It’s not as slick as apps like Kayak or Hipmunk, but for my money, ITA OnTheFly (free) is probably the best flight search engine app for the iPhone out there. Not only does it cover the basics for pricing out flights, it is also a killer app for finding the cheapest tickets in a flexible range of dates. The interface is simple and easy to use, and search results appear quickly.

The Killer Feature. Let’s say I wanted to go to Honolulu for 5 days sometime in January or February, but I didn’t have an exact date in mind. ITA’s Calendar-search interface lets me drag around that range of 5 days on a calendar and it will show me the cheapest departure/return prices for the 5-day span. I can, of course, change that range to 4 days, 2 days, etc. A line chart at the bottom makes it easy to view the fluctuating prices for a 30-day period—this is a really sweet timesaver.

Basically, OnTheFly’s Calendar search is an efficient way at pricing out plane tickets, especially if you’re on a tight budget, have flexible vacation dates, and are looking for the cheapest dates to fly. And the feature is not offered by the Kayak and Hipmunk apps.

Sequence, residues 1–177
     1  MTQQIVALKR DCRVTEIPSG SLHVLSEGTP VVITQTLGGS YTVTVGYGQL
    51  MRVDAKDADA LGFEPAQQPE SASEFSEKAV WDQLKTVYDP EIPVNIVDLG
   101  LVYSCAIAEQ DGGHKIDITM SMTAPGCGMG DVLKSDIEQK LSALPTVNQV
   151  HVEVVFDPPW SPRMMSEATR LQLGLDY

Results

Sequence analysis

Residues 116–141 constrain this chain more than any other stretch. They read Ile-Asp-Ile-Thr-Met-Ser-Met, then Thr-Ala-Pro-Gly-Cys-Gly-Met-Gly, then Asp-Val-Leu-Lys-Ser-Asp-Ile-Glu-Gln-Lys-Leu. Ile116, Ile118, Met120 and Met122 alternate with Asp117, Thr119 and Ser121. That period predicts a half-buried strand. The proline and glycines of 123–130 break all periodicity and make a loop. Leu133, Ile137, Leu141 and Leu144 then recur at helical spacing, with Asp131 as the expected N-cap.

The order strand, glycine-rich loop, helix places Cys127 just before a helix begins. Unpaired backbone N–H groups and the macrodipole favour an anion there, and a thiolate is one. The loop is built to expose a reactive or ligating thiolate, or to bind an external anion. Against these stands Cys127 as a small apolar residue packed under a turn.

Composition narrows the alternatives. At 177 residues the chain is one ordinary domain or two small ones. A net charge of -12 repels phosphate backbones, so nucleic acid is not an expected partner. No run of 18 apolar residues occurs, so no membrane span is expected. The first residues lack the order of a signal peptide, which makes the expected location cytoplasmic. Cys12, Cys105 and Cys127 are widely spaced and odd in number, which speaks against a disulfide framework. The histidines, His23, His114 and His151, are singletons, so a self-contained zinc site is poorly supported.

OK, Maybe Not Really a “Hidden” Gem. ITA has actually been around for a while. Professional travel agents still use its QPX software. The company was purchased by Google in 2010 to power its own flight search tools. ITA’s software currently powers sites like Orbitz, Kayak, United Airlines, American Airlines, Virgin Atlantic, etc. Hardcore flyers uses its website along with fancy search codes to suss out “hidden” cheap flights. There’s a whole culture around this stuff. But the app is indeed a hidden gem in the sense it doesn’t get as much press as the Kayak or Hipmunk apps.

Covering the Basics. OnTheFly can be used for the more traditional search of entering specific dates as well. And it has all the filtering tools for what you’d want for that, including filtering by number of stops, cabin class (economy, business, first class), and departing/arriving time of day, etc.

ITA OnTheFly Basic Search Screen

Other Features. A map view traces out all the flights from a search, including flights with multiple stops. This can come in handy if you want to build in a stopover to your vacation, or just want to see what other airports have flights to your destination. The History tab makes it easy redo past searches, and the Itineraries tab is where you can save specific flights.